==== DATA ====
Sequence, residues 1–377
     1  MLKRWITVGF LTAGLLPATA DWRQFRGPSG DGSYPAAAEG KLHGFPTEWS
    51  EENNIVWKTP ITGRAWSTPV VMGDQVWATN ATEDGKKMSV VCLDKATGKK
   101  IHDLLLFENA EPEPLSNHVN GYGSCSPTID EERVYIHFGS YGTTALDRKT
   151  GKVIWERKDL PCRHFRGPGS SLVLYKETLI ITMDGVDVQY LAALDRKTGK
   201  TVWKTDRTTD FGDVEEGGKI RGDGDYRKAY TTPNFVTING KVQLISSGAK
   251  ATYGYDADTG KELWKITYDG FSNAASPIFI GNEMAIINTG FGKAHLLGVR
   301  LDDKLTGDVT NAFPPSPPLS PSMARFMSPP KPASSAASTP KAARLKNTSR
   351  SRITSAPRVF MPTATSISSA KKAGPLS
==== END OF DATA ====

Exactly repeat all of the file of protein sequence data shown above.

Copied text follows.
Sequence, residues 1–377
     1  MLKRWITVGF LTAGLLPATA DWRQFRGPSG DGSYPAAAEG KLHGFPTEWS
    51  EENNIVWKTP ITGRAWSTPV VMGDQVWATN ATEDGKKMSV VCLDKATGKK
   101  IHDLLLFENA EPEPLSNHVN GYGSCSPTID EERVYIHFGS YGTTALDRKT
   151  GKVIWERKDL PCRHFRGPGS SLVLYKETLI ITMDGVDVQY LAALDRKTGK
   201  TVWKTDRTTD FGDVEEGGKI RGDGDYRKAY TTPNFVTING KVQLISSGAK
   251  ATYGYDADTG KELWKITYDG FSNAASPIFI GNEMAIINTG FGKAHLLGVR
   301  LDDKLTGDVT NAFPPSPPLS PSMARFMSPP KPASSAASTP KAARLKNTSR
   351  SRITSAPRVF MPTATSISSA KKAGPLS